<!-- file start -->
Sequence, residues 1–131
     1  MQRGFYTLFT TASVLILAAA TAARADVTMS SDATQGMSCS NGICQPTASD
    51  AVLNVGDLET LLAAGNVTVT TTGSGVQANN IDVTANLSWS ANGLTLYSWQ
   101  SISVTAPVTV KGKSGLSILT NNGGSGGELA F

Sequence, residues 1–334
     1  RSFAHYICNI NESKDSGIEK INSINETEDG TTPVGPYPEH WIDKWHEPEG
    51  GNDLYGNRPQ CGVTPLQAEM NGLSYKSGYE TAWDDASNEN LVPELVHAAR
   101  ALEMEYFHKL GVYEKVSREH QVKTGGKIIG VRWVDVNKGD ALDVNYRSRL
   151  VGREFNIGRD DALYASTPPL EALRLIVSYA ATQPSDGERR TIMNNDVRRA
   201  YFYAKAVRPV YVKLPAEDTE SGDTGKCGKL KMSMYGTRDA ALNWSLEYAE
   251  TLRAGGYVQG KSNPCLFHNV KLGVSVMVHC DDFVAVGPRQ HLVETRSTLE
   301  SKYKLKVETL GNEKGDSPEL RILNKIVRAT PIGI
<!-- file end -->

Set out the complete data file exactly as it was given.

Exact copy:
Sequence, residues 1–131
     1  MQRGFYTLFT TASVLILAAA TAARADVTMS SDATQGMSCS NGICQPTASD
    51  AVLNVGDLET LLAAGNVTVT TTGSGVQANN IDVTANLSWS ANGLTLYSWQ
   101  SISVTAPVTV KGKSGLSILT NNGGSGGELA F

Sequence, residues 1–334
     1  RSFAHYICNI NESKDSGIEK INSINETEDG TTPVGPYPEH WIDKWHEPEG
    51  GNDLYGNRPQ CGVTPLQAEM NGLSYKSGYE TAWDDASNEN LVPELVHAAR
   101  ALEMEYFHKL GVYEKVSREH QVKTGGKIIG VRWVDVNKGD ALDVNYRSRL
   151  VGREFNIGRD DALYASTPPL EALRLIVSYA ATQPSDGERR TIMNNDVRRA
   201  YFYAKAVRPV YVKLPAEDTE SGDTGKCGKL KMSMYGTRDA ALNWSLEYAE
   251  TLRAGGYVQG KSNPCLFHNV KLGVSVMVHC DDFVAVGPRQ HLVETRSTLE
   301  SKYKLKVETL GNEKGDSPEL RILNKIVRAT PIGI